By Jim Ellis — Monday, Dec. 12, 2022
SenateArizona: Sen. Sinema Officially Becomes an Independent — Sen. Kyrsten Sinema on Friday announced that she is leaving the party and will represent Arizona as an Independent. As her standing before the Democratic Party electorate is poor, this move seems to clearly indicate that she is preparing for a re-election campaign. According to job approval ratings that were taken from polls conducted well before the November election, Sen. Sinema’s numbers had dropped to the point where she would be a severe underdog in a Democratic primary against her likely intra-party opponent, US Rep. Ruben Gallego (D-Phoenix). In a three-way race against Gallego and a Republican nominee, however, her re-election chances significantly improve.
Little will change in terms of her voting record, but the campaign strategy completely transforms for all involved. Not having to worry about re-nomination, Sen. Sinema will advance directly into the general election assuming she can obtain valid registered voter petition signatures from 45,000 Arizonans. She can begin signature gathering right away, so even this large number should be attainable over such a long duration.
Rep. Gallego, who had been rumored as a Sinema Democratic primary challenger, continues to move forward with his Senate plans. While admittedly convening a Senate planning group, the congressman says he will not formally decide about running until after the first of the year. Republican Pinal County Sheriff Mark Lamb also confirms he is considering entering the Senate GOP primary.
Regardless of who decides to run, the 2024 Arizona Senate race will be another contest attracting huge national attention. Sen. Sinema’s move to the Independent ballot line certainly increases her chances of winning, but she is certainly no lock to claim a second term in the next election.
California: Rep. Khanna Considers Senate Race — California Rep. Ro Khanna (D-Fremont), who was just elected to a fourth term in the House, said over the weekend that he would consider running for the Senate in 2024 if incumbent Sen. Dianne Feinstein (D), who will be 91 years of age at the time of the next election, decides to retire as expected.
Rep. Khanna further said he would more than likely seek re-election in 2024, but the door is clearly open to him exploring a senatorial run in what is expected to be a crowded Democratic battle should the seat open. The congressman has been a strong fundraiser, averaging a total receipts figure of over $4 million per election cycle for his four successful congressional campaigns along with $5-plus million remaining in his federal account, so he would have the financial base to begin a statewide run.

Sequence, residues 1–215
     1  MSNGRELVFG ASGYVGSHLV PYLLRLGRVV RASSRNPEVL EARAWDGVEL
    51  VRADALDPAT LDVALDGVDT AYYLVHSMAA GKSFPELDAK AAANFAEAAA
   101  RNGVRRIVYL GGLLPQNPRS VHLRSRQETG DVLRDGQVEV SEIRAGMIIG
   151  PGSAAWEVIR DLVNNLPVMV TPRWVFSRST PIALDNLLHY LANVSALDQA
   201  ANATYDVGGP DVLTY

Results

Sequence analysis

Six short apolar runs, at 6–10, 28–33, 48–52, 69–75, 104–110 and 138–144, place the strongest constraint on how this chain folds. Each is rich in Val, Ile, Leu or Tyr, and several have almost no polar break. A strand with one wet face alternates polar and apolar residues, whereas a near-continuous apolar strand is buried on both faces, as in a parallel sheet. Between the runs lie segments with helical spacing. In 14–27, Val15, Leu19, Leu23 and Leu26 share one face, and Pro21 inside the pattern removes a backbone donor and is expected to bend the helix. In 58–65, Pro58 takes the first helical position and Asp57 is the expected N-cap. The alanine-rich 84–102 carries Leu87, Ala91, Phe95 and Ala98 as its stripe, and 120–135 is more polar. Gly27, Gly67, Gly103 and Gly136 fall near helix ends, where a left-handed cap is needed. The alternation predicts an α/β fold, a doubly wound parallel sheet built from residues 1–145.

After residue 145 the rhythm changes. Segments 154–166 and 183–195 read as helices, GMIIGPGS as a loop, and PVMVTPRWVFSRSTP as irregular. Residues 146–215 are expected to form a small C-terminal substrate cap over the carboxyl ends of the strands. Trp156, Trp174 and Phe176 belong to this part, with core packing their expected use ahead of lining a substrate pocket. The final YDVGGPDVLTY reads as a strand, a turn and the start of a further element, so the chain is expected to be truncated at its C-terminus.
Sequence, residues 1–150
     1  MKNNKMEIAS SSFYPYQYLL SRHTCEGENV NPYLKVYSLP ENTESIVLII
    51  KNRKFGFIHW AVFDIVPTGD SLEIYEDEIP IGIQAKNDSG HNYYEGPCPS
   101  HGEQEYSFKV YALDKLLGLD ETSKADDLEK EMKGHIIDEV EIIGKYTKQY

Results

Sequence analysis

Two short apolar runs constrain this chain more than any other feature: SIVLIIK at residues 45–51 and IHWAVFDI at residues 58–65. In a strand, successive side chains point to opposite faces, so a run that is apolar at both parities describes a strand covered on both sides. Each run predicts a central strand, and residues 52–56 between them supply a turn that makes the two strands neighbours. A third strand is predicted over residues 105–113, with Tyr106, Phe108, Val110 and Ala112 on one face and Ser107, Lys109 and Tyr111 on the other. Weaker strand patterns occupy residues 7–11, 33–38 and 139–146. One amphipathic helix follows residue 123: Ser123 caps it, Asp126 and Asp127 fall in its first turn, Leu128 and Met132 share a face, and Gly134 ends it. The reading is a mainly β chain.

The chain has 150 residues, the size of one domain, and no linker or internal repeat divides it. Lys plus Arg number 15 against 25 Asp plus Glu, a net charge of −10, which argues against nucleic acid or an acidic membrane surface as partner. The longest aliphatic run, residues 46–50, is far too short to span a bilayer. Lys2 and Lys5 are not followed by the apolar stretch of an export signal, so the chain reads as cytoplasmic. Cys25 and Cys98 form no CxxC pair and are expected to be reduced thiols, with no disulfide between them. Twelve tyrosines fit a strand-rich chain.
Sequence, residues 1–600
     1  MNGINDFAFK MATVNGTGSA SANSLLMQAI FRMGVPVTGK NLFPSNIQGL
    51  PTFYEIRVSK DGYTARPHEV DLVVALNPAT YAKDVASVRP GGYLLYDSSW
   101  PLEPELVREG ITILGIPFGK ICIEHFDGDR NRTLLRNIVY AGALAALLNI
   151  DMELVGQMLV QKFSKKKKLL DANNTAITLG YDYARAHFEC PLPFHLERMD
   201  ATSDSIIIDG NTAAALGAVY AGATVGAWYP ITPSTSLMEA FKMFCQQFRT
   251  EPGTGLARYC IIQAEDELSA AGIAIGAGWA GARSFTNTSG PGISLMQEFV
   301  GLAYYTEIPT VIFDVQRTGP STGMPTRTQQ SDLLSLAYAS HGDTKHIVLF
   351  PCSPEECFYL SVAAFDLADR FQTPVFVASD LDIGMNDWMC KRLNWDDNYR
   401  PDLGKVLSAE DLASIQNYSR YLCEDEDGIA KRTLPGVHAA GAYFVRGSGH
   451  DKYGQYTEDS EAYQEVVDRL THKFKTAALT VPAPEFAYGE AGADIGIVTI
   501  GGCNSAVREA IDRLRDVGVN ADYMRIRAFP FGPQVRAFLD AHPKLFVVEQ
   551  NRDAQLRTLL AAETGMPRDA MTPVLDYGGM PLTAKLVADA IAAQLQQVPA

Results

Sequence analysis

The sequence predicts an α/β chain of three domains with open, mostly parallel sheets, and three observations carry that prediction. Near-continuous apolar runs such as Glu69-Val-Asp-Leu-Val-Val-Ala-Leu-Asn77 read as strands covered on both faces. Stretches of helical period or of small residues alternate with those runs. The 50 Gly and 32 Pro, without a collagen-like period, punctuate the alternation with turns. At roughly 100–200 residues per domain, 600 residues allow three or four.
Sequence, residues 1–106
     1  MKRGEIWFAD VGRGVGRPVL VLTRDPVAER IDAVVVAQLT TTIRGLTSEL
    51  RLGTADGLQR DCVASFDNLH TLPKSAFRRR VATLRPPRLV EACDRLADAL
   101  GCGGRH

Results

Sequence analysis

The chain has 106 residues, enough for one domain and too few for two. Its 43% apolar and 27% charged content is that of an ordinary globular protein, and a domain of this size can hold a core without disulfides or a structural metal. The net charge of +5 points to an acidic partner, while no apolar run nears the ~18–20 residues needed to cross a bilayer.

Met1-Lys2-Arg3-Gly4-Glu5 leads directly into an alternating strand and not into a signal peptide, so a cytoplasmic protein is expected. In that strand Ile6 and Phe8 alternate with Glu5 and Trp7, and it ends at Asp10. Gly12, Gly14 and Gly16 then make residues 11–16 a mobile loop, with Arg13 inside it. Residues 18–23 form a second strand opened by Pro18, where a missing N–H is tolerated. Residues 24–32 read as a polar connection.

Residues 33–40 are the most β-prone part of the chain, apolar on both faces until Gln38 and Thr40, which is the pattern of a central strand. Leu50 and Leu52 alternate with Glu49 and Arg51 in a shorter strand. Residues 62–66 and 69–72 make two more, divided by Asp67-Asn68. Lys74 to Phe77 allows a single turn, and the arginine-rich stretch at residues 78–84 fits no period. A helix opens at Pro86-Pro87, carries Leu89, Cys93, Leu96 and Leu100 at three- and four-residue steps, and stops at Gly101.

CO-3: Automatic Recount Beginning — The recount for the close CO-3 congressional race featuring Rep. Lauren Boebert (R-Silt) and Democratic former Aspen City Councilman Adam Frisch is close to completion in the district that covers Colorado’s Western Slope region. Though Frisch has already conceded the race to Rep. Boebert, the recount is taking place under the state’s election law that mandates a re-tabulation for any contest that falls within a margin of just one-half a percent.
Though Rep. Boebert’s 548-vote lead from 327,124 ballots cast is expected to stand, the 27 involved counties that comprise the 3rd District must continue the recount. Frisch says he is likely to run again in 2024. The recount process must be completed by tomorrow so the election certification process can be completed.
VA-4: Special Election Candidates Beginning to Come Forward — While Gov. Glenn Youngkin (R) has yet to call a special congressional election to replace the late Rep. Donald McEachin (D-Richmond) who passed away in late November, several individuals have come forward to announce their candidacies.
The first is state Delegate Lamont Bagby (D-Richmond), who has been a long-time supporter and confidant of Rep. McEachin’s. State Sen. Jennifer McCellan (D-Richmond), who placed third in the 2021 Democratic gubernatorial primary, also says she will enter the special congressional election. Before winning her state Senate seat in 2017, McClellan served six terms in the state House of Delegates.
For the Republicans, who have little chance in a 4th District that the FiveThirtyEight data organization rates as D+30, their two-time nominee and Christian pastor Leon Benjamin says he will enter the special election field.
Virginia’s 4th Congressional District begins in Richmond and then travels south all the way to the North Carolina border. The CD includes the cities of Richmond, Petersburg, and Emporia, along with the Colonial Heights, Chester, and Lawrenceville communities.